SOURCE: RAUNAK KUNDE / NEWS BEAT / IDRW.ORG
In the realm of cutting-edge aerospace technology and missile development, precision is paramount. The National Aerospace Laboratories (NAL) in India is leading the charge in the design and fabrication of wind tunnel models for the NASM-MR cruise vehicle, a subsonic cruise missile with applications in both ground and air launch scenarios. This endeavour represents a crucial step in fine-tuning the aerodynamic characteristics of this remarkable missile.
The NASM-MR, or New Generation Anti-Radiation Missile-Medium Range, is a subsonic cruise missile developed by the Defence Research and Development Organization (DRDO) in India.
This versatile missile boasts a three-phase journey:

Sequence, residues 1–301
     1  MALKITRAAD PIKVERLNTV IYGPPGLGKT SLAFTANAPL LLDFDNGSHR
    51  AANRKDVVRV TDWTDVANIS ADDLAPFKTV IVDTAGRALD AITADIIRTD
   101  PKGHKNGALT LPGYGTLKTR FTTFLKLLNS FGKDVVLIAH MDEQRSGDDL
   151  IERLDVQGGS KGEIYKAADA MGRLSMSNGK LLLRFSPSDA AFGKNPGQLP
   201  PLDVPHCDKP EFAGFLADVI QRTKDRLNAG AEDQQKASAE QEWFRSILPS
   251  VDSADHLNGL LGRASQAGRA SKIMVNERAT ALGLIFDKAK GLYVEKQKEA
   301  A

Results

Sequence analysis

- Launch Vehicle Phase: This is the initial stage of the missile’s journey, where it’s propelled from its launch platform, setting it on its course.
- Coasting Phase with Closed Intake: In this phase, the missile gracefully glides through the air with its intake closed, manoeuvring towards its target.
- Cruise Phase with Open Intake and Engine Active: The missile’s intake opens, and its engine comes to life, propelling it forward with precision and purpose.
The NASM-MR’s configurations, including those for the Launch Vehicle (LV), Coasting Vehicle (CV), and subsonic air intake, have been meticulously designed and characterized using advanced Computational Fluid Dynamics (CFD). These configurations have been carefully scrutinized and approved by the Preliminary Design Review (PDR) committee.
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